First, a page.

The National Association of Insurance Commissioners (“NAIC”) voted to require large insurers to disclose the strategies they are utilizing to address climate change-related risks. This decision highlights the increased attention being devoted to climate change issues in the financial services sector and creates a significant new responsibility for insurers. Further, the reporting requirements appear intended to induce insurance companies to take steps within their power to mitigate climate risks.
The disclosure requirement consists of responding to an eight-part questionnaire. The questions focus on how insurance companies are assessing and addressing climate change. Specifically, each covered company must address the following topics by May 1, 2010:
How the company assesses and mitigates its own greenhouse gas emissions
What risks climate change poses to the company
How the company accounts for climate change risks in its risk and investment management strategies and other business decisions, including whether the company engages in computerized climate modeling
What steps the company has taken to encourage its policyholders to mitigate climate change
What steps the company has taken to “engage key constituencies” on the topic of climate change
These questions are broad, and could potentially reveal the inner workings of proprietary insurance risk models and investment strategies. To protect against this concern, NAIC placed several limits on the types of information that must be disclosed in response to these questions. Specifically, insurers are not required to provide any quantitative, commercially sensitive, proprietary, or forward-looking information. All that is required is a narrative description of company policies.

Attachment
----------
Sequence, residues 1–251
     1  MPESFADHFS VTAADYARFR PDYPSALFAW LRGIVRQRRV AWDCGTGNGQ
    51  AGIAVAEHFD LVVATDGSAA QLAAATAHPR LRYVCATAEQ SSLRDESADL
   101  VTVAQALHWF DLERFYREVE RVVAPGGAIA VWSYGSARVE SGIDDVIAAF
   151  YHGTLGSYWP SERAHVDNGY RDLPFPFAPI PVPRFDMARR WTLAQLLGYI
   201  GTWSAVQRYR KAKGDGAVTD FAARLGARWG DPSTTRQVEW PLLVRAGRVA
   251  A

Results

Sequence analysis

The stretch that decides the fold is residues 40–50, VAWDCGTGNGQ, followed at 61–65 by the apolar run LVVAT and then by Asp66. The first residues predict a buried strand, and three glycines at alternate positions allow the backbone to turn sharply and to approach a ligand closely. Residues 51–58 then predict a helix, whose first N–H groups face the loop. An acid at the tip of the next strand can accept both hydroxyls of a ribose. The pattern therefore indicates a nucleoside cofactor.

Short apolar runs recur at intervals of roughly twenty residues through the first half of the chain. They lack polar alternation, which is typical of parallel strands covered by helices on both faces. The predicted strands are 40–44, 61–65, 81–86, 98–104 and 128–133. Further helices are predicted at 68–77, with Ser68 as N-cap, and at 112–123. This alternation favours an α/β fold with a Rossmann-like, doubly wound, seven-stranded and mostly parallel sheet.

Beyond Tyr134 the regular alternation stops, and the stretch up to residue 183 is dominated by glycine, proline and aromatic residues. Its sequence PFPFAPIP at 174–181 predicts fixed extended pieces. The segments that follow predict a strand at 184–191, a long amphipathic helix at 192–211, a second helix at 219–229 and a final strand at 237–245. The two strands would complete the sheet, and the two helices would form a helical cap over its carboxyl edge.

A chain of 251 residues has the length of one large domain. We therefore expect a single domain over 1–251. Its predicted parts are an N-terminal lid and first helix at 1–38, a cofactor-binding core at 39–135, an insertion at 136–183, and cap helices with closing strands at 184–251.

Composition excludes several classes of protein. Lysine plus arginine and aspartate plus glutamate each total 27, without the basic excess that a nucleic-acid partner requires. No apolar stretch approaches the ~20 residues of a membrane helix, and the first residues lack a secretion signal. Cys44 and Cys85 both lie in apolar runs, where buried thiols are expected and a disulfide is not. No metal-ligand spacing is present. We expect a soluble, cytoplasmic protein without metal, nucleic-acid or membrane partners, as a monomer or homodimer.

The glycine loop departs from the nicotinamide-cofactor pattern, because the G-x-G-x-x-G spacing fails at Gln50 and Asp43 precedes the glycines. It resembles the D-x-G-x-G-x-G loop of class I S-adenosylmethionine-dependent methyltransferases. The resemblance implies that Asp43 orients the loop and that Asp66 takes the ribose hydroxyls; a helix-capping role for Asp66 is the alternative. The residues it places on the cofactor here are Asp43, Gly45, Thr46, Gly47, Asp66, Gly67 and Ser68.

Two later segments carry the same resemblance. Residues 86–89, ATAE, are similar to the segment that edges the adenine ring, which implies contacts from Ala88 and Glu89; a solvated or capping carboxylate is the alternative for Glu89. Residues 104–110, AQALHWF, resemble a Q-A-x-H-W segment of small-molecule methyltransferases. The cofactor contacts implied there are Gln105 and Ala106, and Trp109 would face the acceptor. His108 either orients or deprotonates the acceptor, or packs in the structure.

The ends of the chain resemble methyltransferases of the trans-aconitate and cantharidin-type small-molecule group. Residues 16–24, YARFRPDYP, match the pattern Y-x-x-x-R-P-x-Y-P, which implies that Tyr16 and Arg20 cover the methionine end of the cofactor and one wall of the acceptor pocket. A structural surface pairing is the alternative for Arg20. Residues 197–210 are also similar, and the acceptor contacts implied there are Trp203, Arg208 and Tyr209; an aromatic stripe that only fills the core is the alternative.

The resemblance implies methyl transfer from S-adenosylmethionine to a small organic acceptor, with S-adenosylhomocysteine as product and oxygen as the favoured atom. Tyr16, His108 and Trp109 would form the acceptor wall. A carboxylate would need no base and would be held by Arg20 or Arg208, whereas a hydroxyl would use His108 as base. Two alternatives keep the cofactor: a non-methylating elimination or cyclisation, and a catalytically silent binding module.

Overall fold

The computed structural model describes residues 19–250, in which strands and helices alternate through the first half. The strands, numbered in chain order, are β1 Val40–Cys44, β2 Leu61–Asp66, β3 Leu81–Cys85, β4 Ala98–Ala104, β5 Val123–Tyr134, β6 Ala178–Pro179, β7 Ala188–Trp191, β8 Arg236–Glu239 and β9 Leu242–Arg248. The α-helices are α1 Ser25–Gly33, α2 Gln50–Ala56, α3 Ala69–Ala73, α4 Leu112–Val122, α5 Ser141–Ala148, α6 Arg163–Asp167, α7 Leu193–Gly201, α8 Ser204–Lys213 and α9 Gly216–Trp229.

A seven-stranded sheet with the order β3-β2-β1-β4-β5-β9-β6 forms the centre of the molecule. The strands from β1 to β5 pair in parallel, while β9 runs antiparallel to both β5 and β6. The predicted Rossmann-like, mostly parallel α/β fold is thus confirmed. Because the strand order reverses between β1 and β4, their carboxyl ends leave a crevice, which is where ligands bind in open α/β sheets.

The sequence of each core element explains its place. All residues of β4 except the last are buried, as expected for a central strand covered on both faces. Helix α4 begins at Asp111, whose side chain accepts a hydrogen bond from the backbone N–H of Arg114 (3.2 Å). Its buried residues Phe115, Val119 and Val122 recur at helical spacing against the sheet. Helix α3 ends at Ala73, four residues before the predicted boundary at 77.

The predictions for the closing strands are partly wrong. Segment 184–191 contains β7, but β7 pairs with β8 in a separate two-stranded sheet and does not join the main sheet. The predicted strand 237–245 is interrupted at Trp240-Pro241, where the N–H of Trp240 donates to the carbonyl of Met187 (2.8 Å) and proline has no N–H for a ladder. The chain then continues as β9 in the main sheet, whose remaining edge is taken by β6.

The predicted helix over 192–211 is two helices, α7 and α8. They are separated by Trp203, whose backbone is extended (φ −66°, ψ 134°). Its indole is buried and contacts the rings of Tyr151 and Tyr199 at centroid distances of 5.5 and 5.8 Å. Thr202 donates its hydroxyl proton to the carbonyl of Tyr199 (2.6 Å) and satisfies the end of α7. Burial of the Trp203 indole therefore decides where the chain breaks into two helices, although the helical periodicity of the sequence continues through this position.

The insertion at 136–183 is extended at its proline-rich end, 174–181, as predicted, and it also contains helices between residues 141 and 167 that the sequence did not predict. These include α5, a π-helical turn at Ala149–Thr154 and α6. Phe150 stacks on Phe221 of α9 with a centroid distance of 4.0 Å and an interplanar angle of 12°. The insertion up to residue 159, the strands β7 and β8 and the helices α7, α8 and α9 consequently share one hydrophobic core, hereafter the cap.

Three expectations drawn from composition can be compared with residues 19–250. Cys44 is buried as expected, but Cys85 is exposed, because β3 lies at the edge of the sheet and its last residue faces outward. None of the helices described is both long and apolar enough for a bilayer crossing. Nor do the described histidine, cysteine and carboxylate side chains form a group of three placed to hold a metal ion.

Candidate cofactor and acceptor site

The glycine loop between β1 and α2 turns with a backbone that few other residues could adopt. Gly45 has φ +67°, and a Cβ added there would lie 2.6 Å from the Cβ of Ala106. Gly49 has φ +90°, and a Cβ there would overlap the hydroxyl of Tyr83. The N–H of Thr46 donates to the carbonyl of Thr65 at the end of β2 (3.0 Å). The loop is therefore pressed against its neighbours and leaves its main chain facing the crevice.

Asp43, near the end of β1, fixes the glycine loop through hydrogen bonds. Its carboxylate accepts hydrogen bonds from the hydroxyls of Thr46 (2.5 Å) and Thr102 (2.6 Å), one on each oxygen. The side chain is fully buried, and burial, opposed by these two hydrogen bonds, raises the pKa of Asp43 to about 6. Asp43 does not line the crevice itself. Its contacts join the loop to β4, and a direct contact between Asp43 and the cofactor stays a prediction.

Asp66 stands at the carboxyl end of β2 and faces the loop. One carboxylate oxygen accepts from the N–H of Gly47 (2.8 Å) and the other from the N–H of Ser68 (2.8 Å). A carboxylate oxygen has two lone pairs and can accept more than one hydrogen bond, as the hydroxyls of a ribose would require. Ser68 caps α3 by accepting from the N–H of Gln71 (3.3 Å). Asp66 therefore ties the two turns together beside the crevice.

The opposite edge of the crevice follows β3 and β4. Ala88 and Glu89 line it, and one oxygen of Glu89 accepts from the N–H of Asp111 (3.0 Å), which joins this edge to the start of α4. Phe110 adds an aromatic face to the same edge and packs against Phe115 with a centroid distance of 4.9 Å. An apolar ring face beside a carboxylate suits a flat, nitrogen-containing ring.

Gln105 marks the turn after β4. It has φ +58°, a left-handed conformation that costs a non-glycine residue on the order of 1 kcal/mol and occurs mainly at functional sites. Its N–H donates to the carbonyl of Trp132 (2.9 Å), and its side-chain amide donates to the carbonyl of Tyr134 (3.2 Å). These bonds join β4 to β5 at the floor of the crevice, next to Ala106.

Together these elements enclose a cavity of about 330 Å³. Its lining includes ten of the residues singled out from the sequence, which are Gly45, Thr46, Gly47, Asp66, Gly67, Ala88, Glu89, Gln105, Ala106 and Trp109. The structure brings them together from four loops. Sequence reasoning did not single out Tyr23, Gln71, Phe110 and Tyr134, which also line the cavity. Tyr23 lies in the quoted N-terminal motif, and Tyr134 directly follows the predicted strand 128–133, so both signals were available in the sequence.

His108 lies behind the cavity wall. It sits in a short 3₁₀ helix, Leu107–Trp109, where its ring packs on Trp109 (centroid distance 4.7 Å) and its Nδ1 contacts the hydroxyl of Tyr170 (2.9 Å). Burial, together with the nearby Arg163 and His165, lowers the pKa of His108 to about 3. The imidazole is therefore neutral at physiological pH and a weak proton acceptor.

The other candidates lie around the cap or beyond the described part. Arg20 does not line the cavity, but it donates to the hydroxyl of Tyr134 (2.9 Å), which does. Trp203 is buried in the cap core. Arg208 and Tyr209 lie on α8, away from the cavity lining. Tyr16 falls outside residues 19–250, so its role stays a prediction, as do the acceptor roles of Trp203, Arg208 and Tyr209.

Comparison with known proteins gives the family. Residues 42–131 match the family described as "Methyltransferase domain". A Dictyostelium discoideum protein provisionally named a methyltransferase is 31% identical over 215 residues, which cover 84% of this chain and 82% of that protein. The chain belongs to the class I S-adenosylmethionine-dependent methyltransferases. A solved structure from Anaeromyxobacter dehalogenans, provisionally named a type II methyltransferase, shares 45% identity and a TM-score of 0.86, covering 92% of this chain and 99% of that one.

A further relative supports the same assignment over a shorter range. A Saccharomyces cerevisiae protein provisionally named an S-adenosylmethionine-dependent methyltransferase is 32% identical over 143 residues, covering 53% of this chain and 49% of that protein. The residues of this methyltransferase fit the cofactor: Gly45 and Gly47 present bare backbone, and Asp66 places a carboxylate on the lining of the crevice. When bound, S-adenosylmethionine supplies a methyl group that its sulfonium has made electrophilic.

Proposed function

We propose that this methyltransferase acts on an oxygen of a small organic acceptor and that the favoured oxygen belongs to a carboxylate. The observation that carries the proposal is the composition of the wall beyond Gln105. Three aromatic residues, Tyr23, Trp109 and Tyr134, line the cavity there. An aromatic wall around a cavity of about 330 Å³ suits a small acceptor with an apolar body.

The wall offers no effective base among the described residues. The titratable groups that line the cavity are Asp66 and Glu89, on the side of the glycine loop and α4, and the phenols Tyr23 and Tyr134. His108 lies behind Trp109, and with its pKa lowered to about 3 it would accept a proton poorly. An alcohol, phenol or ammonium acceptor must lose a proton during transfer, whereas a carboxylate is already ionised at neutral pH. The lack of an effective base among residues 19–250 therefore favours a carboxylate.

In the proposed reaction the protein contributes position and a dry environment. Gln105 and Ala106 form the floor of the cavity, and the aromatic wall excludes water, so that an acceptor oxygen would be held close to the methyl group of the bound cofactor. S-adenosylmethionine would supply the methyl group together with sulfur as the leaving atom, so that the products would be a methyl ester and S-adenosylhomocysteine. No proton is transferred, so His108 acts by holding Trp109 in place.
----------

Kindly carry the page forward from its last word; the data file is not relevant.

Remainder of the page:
Further, disclosure is only mandatory for larger insurers. For fiscal year 2009, only insurance groups with over $500 million in direct written premiums must respond to the questionnaire. For 2010, the threshold drops to $300 million. Responses are due annually on May 1, beginning in 2010. After they are submitted, they will be made publicly available by NAIC. NAIC will review the questionnaire and responses on an annual basis.
The questionnaire focuses on several aspects of insurer activities – how they manage their own greenhouse gas emissions, how they account for climate change in their investments, how they evaluate climate change when issuing policies, and how they are incentivizing climate change mitigation behavior in the insured. Although not stated expressly in the rules, a reasonable inference is that NAIC hopes to induce insurance companies to substantively address topics covered by the questionnaire if they have not done so already. Moreover, in addition to requiring insurers to explicitly address climate change-related risks, the new reporting rules may likewise help insurers focus on business opportunities presented by such risks. A report completed last year by NAIC entitled The Potential Impact of Climate Change on Insurance Regulation (available through the NAIC website) delves into further detail on how climate change may affect various types of insurance – property, casualty, life, and health – as well as potential investment consequences and climate change-related business opportunities.A copy of the draft disclosure form can be found at http://www.naic.org/documents/committees_ex_climate_090224_survey.pdf.